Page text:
industries to develop and grow further. Alongside, mixed economy was also developed as a concept of economic planning. No doubt, there was perceptible growth in industrialisation. However, this also brought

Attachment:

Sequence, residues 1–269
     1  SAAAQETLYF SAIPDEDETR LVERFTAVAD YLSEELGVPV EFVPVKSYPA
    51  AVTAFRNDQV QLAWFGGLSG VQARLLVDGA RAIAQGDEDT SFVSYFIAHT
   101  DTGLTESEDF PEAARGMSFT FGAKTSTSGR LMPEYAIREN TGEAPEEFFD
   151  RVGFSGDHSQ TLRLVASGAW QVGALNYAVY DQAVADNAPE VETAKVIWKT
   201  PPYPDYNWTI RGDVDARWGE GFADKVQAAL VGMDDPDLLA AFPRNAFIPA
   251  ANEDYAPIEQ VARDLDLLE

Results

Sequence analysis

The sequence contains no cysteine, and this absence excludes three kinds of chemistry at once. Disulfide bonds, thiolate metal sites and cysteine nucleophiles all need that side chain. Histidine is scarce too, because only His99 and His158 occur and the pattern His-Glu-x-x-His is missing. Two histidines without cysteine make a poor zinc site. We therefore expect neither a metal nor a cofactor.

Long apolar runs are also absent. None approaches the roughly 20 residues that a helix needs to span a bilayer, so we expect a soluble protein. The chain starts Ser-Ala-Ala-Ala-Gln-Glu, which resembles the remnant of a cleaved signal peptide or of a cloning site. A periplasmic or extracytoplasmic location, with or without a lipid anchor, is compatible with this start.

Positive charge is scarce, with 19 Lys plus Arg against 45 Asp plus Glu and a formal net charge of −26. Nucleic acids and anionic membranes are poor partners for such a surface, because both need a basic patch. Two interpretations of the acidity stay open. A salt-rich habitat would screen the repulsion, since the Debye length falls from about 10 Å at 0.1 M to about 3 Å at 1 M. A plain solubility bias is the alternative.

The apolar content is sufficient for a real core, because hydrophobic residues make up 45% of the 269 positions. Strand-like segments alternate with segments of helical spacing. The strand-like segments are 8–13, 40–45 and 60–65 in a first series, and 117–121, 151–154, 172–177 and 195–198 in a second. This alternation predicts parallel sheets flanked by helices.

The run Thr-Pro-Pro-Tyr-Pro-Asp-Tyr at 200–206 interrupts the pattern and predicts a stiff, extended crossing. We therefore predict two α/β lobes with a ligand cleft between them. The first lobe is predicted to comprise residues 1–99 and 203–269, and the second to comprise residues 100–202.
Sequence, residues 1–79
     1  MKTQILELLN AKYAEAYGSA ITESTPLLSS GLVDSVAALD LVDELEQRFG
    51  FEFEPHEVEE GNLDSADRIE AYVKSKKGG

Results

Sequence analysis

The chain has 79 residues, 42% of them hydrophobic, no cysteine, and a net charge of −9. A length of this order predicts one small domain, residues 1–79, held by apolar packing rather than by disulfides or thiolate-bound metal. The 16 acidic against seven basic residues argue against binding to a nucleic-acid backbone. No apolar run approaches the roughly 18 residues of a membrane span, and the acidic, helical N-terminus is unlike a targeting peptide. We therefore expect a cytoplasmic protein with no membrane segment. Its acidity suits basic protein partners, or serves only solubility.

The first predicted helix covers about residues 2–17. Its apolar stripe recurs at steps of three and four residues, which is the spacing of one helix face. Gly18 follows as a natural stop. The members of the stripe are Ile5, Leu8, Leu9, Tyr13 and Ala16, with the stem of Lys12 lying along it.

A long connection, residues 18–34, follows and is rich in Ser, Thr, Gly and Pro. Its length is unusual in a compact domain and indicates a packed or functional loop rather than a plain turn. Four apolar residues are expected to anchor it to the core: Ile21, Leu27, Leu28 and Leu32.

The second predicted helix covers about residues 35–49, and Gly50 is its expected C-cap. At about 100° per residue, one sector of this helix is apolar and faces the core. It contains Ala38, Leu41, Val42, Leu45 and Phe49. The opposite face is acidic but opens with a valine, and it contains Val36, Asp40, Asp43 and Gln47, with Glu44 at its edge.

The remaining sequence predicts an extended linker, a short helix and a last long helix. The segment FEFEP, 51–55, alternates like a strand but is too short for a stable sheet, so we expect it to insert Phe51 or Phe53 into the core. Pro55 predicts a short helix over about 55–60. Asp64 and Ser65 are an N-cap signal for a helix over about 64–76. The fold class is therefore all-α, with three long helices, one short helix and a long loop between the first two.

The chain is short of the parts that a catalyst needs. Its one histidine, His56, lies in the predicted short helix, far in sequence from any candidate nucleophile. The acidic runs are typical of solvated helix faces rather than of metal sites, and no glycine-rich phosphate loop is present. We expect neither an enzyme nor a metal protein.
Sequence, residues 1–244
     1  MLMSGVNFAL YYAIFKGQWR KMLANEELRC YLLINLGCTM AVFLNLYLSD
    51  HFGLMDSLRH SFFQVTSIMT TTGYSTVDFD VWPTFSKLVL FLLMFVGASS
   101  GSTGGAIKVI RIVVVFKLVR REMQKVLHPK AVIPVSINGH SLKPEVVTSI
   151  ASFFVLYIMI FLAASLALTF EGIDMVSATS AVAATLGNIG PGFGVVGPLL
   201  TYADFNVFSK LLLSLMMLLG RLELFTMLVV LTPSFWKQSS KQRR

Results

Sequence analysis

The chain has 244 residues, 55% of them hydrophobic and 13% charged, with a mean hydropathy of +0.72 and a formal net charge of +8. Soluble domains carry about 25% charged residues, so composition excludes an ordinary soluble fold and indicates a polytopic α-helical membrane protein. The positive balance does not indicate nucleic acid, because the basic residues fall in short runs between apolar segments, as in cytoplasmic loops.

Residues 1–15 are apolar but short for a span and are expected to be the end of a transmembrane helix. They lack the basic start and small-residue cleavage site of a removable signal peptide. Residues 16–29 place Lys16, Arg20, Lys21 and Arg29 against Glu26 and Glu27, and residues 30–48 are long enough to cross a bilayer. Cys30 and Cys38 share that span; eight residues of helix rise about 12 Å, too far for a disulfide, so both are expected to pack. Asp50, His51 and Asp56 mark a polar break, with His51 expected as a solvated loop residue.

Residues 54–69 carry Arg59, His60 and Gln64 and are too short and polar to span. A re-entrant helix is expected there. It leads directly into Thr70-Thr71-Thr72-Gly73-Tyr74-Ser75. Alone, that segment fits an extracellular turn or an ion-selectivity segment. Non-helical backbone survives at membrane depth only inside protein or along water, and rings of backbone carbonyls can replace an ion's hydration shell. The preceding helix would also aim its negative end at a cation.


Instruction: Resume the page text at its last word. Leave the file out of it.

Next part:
Lesson 12Competition Act, 2002 241 on its trails, concentration of wealth and economic power. This led to widening of the difference between the haves and have nots in the society. The Government of India therefore set up the Monopolies Inquiry Commission in 1964 with a view to finding out the causes, the nature and the extent of concentration of economic power in the country and to suggest remedial measures therefor. The Monopolies Inquiry Commission submitted a detailed report in October 1965 which was well documented and revelatory of many facets of concentration of economic power. Many of the trade practices which were designed to stifle competition in the market and to promote monopolistic tendency were also noticed by the Commission in the course of its inquiry. The Commission observed that there was no need to strike at the concentration of economic power as such but to do so only when it became a menace to the best production in quality and quantity or to fair distribution. Monopolistic conditions in any industrial sphere should be discouraged without injury to the interests of the general public and monopolistic and restrictive trade practices should be curbed except when they were conducive to the common good. The Commission pointed out that on the one hand over the years certain business houses had built vast industrial empires and on the other hand they were trying to accentuate and enlarge the empires by adopting certain trade practices which were intended to distort competition in the market and promote a set of near monopoly conditions. The Commission felt that such tendencies seemed to destroy the basic concept of socio-economic justice enshrined in the Constitution. The Commission also framed a draft Bill as a part of its recommendations. The Monopolies and Restrictive Trade Practices Bill was introduced in Parliament in 1967 which after being referred to the Joint Select Committee became an Act and finally came into force w.e.f. 1st June, 1970. The enactment was based on the socio-economic philosophy enshrined in the Directive Principles of State Policy contained in the Constitution which provides that the State shall direct its policy towards securing that the ownership and control of material resources of the community are distributed as best to subserve the common good and that the operation of the economic system does not result in the concentration of wealth and means of production to the common detriment. The principal objectives of the Act, as spelt out in the preamble were: (i) prevention of concentration of economic power to the common detriment; (ii) control of monopolies; (iii) prohibition of monopolistic trade practice; (iv) prohibition of restrictive trade practices.
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